Knife Blade Steel
Knife blade steels come in lots of varieties and it would be great if there was some standardized way of naming them, but there’s not. I’m not going to go into every type of steel from around the world but i will talk about the most common ones that knife manufactures tend to use.
Properties of Knife Blade Steel
Some sites will list as many as 10 properties but i will just touch on the ones that matter to us. Things like hardenability really only matter to the manufacturer.
Hardness or strength is the ability to absorb energy without flexing. This is achieved by increasing the carbon content. These blades will hold an edge great but are also more difficult to sharpen. They will also be more brittle and prone to chipping. Measured on the Rockwell C scale (Rc or HRC), anything above 58 will hold an edge well but be difficult to sharpen.
Not to be confused with hardness, this will often be a trade-off from hardness. Also often called elasticity or ductility, it is the blades ability to flex without breaking. Obviously this is important for blades that will see regular use. Easier to sharpen but less edge retention.
Obviously these will be the stainless steels. Although most steel will have some degree of corrosion resistance the stainless steels have higher amounts of chromium and molybdenum. Often but not always this also sacrifices some of the edge retention abilities.
Mentioned several times already, this fairly self explanatory. Probably the most important factor to many people, it is also a result of a combination of the above factors.
Common Knife Blade Steels
The Best of the Best
Currently the top dog this steel contains huge amounts of carbon and vanadium. Very hard with great edge retention. Don’t expect to even be able to sharpen this at home. These blades are quite expensive but i will try to find some examples to include.
Made using a combination of chromium, vanadium, molybdenum and even tungsten, this is another very hard blade with great edge retention. Measuring Rc 60-62 this will also be tough to sharpen but easier than the s90v. It also has superior corrosion resistance than the s90v. This steel can apparently be polished to an incredible finish.
S35VN and S30V
The s35vn is slightly better than the s30v but most of us would find the difference unnoticeable. Both have a great balance of edge retention, hardness and corrosion resistance. This steel is what most companies such as Buck and Gerber will use as their high end steel. Still more expensive than most knives, now we are getting into a more mainstream price range.
This is used by Buck and others as a mid range steel. Similar to the 440c which you will find below, but with more molybdenum and less chromium while still being corrosion resistant. Still a fairly hard steel with great edge retention, you’re gonna still need some patience to sharpen it.
Japanese made, similar to 154cm but slightly less corrosion resistance
Harder than 154CM and ATS 34 and therefore harder to sharpen. This is also not considered a stainless steel so more care is required.
Actually quite a good steel, similar to ATS34 and 154CM, but with more chromium. It also contains vanadium which makes it harder and tougher to sharpen. Takes a keen edge.
Mid-Range and More Common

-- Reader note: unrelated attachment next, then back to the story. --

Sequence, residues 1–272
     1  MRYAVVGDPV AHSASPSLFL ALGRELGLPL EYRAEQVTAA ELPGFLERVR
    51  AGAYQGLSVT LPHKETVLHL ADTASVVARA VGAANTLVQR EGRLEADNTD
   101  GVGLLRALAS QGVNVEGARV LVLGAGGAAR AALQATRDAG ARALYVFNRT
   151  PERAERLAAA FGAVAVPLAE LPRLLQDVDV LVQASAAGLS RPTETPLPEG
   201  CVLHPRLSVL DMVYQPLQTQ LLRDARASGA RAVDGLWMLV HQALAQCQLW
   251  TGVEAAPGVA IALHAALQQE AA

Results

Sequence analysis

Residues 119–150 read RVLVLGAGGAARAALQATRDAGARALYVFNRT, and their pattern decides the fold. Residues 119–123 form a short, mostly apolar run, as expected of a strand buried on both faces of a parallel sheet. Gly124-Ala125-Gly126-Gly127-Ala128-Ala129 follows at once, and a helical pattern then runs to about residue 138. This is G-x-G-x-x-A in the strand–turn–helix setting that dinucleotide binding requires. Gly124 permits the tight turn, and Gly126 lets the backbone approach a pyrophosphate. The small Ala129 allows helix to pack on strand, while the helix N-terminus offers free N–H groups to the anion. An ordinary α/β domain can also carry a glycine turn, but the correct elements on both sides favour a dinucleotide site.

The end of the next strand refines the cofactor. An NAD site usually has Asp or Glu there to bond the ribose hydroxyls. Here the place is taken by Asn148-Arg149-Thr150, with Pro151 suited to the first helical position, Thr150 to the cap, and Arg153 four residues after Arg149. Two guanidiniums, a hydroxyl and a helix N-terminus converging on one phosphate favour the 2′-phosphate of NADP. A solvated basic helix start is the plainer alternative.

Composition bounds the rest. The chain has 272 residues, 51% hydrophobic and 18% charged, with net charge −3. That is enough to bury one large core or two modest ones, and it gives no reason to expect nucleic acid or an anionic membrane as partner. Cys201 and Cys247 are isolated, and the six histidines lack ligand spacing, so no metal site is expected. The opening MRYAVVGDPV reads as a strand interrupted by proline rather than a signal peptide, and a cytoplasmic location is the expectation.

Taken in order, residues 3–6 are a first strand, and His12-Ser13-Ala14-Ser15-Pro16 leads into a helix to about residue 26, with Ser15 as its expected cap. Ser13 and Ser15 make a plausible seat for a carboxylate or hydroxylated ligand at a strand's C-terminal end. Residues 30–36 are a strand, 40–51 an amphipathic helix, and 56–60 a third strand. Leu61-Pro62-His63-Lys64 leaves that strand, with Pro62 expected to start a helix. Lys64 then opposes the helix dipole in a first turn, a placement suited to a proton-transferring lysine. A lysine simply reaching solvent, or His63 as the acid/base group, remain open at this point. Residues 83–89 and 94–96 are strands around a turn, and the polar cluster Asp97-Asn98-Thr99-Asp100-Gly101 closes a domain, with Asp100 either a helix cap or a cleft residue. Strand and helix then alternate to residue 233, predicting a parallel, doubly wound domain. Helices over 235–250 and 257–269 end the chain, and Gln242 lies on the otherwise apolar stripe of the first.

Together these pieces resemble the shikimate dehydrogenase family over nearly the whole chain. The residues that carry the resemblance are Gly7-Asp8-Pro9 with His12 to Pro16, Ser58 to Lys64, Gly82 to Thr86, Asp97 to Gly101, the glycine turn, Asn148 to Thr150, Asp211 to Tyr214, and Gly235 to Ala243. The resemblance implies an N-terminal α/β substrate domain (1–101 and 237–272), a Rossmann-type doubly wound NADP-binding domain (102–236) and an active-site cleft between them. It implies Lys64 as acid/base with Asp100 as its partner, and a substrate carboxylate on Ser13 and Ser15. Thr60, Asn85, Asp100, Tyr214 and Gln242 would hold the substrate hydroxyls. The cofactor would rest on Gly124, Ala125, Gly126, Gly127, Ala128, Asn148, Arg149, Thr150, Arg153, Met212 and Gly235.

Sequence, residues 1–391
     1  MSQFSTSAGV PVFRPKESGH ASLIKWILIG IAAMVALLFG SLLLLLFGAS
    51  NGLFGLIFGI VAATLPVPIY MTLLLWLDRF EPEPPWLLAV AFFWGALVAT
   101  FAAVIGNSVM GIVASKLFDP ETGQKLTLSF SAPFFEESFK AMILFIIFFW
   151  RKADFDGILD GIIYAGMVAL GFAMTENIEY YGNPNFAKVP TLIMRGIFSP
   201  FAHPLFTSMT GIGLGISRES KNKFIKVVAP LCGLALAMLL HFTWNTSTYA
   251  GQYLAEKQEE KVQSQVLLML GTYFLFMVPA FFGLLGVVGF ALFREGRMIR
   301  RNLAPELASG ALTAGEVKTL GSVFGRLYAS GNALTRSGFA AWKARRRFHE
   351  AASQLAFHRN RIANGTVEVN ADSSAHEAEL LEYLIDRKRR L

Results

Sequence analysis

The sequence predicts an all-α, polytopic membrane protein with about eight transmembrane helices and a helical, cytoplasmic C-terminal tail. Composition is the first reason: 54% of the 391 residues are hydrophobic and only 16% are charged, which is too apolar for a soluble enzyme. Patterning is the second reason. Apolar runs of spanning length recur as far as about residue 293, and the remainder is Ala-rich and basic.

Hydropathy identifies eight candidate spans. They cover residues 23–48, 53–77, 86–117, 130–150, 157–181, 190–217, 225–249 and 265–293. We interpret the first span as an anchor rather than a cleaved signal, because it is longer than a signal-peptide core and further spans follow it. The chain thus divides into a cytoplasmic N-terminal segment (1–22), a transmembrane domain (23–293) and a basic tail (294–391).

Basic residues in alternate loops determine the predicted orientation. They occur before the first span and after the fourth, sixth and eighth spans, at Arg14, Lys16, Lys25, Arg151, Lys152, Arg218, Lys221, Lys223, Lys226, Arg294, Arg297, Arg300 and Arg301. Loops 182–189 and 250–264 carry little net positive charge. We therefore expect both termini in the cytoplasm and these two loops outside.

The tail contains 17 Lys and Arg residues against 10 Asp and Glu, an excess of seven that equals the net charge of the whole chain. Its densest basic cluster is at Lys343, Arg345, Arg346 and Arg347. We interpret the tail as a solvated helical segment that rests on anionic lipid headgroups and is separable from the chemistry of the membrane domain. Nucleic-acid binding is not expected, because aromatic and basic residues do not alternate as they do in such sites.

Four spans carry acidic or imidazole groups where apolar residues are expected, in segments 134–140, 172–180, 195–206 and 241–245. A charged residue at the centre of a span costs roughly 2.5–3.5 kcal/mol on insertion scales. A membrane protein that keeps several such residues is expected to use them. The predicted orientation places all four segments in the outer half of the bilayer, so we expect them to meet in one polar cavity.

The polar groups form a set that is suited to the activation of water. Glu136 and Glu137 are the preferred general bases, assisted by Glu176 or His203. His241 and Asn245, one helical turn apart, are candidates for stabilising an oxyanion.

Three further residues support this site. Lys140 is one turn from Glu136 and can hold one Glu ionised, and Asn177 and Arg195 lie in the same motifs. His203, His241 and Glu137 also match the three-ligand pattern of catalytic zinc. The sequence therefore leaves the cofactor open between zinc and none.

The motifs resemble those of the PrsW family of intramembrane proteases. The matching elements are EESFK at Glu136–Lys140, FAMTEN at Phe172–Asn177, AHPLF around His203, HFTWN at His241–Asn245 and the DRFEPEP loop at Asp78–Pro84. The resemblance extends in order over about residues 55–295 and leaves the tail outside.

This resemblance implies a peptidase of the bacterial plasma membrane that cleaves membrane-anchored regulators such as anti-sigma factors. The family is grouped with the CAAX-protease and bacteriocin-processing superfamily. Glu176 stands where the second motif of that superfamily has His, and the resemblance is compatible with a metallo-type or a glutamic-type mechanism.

These steels are what you will find on most store shelves. Not as hard but tougher steels, they can take abuse and resist chipping and breaking. They take a good edge and can be sharpened quite easily. For a knife that will see use and abuse these should be considered first. Ideal for survival knives and hunting and camping.
Almost my favorite and i own several and can vouch for them. This is the standard metal for Buck and other companies. Better than regular 420 but higher carbon, thus the HC. A very good all around metal and one of the most corrosion resistant on the market. Companies like Buck have a special treatment that really brings out the best in this steel.
440A, B, C
This series all has more carbon than 420HC with 440C being the highest carbon content. 440C is the hardest of the series while 440A is the toughest. Harder metals with better edge retention at the expense of corrosion resistance. I own a 440A blade and have always been happy with the edge but yes it will rust if left wet.
AUS6, 8, 10
Made in Japan. Similar to the 440 series for carbon content but with some vanadium content. AUS6 is a softer steel and not really suitable.
Non-Stainless Knife Blade Steels
Actually the 10 series from 1050-1095 is quite underestimated. 1095 has the most carbon and therefore harder and better edge retention while 1050 is the toughest. 1050 and 60 are used for larger blades like swords while 1095 is best for smaller blades. Compared to most stainless steels, these blades are easier to sharpen, take a better edge and even hold it longer. However they are susceptible to discoloring and rust so care must be taken and oiled when not in use. Many 10 series blades will be coated to resist corrosion. Actually in doing this research, i have decided that i need to get one of these.
Read more Here.
San Mai Blades
San Mai steel is a layered steel blade, not to be confused with Damascus Steel. Made in Japan, It generally consists of a harder high carbon core with a stainless layer on each side. Sold in North America bu several companies, Cold Steel is one that promotes it more heavily.
Some companies such as SOG combine San Mai and layered Damascus Steel.
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